The move from operative to speculative masonry was laid during the reign of James VI Stewart.[note 1]

It is held that Freemasonry developed in Scotland,[4] moving from an operative stonemason guild, to the speculative esoteric fraternity in the late 16th and early 17th centuries. The oldest lodge in the world is said to be the Lodge Mother Kilwinning,[5] connected to the old Kilwinning Abbey in Ayrshire. The Schaw Statues of 1589-99 given to William Schaw, the Master of Works, by king James VI Stewart is perhaps the most significant document in regards to this early development.[6] Various non-stonemasons; gentry, architects, academics, tradesmen, philosophers; began to join the lodges in the early 17th century to gain admission to their "mysteries". The system was present in England by 1646, as Elias Ashmole is recorded as a member. Gradually (1640-1717), the stonemasons faded and the lodges became solely speculative in nature.[7]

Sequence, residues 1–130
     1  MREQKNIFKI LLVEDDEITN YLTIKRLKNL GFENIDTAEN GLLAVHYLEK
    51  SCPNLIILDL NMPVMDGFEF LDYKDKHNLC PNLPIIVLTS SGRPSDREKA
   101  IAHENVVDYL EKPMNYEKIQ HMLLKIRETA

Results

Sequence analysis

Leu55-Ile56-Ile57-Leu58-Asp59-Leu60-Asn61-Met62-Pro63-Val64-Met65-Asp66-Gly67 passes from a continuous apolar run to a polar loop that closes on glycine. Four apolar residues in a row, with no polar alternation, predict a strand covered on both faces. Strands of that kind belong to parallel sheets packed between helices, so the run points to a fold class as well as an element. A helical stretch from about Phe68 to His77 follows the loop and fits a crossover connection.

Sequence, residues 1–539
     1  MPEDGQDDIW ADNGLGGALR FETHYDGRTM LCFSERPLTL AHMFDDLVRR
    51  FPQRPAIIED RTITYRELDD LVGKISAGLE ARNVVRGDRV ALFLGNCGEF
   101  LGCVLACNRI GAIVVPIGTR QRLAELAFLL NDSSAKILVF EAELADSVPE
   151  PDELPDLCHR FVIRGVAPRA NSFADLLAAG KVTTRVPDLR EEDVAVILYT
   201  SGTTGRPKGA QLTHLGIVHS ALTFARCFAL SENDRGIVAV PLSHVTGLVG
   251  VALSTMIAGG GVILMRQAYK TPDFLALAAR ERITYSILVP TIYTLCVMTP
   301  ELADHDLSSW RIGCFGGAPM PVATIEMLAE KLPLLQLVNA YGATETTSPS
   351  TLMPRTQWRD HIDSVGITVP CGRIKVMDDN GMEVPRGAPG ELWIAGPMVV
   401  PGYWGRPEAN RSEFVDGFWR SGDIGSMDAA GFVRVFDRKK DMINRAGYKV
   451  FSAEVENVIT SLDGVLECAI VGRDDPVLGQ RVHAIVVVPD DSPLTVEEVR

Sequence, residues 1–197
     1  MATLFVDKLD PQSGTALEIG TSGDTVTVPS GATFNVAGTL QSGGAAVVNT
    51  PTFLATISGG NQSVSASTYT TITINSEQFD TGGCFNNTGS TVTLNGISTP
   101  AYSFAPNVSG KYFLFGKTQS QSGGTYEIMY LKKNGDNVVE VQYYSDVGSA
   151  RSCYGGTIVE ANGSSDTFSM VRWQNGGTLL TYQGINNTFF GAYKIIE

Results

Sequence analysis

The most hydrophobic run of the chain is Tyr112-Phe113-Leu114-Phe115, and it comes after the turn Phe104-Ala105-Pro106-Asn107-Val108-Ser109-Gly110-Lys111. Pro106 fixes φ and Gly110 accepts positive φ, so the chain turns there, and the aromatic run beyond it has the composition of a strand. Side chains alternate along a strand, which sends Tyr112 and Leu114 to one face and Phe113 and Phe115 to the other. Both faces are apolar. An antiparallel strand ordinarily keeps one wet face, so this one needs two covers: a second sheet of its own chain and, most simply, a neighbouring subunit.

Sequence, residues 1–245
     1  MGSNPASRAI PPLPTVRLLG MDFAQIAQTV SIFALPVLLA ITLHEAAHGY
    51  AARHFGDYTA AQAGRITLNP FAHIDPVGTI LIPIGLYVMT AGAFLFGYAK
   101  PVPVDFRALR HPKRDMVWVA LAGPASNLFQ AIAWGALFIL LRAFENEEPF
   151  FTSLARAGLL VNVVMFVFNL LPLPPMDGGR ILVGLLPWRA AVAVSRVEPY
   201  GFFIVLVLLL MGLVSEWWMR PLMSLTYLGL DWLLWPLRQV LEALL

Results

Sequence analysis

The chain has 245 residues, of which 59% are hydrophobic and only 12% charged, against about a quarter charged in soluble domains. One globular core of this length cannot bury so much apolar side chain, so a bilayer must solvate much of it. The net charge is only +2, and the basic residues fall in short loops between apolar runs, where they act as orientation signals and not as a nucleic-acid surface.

During the tumultuous era of the Wars of the Three Kingdoms, the Masonic Lodges were places which bridged political and religious divisions, with Royalists and Parliamentarians involved. Although members had esoteric interests, they also delved into the emerging natural sciences and Baconian philosophical ideas from his New Atlantis. Significantly, some of the founders of the Royal Society in 1662 were masons,[8][9] particularly those associated with Gersham College, including Robert Moray[10] and Christopher Wren.[11][12] It cannot be said that freemasonry at this point had an obviously discernible hostility to throne and altar, or that is paved way for the Whiggish coup d'etat of 1688, which was more the forte of organisations such as the Green Ribbon Club. In fact, the period of the Restoration under king Charles II Stuart, saw them have a significant cultural impact on arts and sciences. When James II Stuart fled to France,[13] some of his Jacobite court members were Freemasons[14][15] and their military diaspora spread lodges to various countries on the Continent.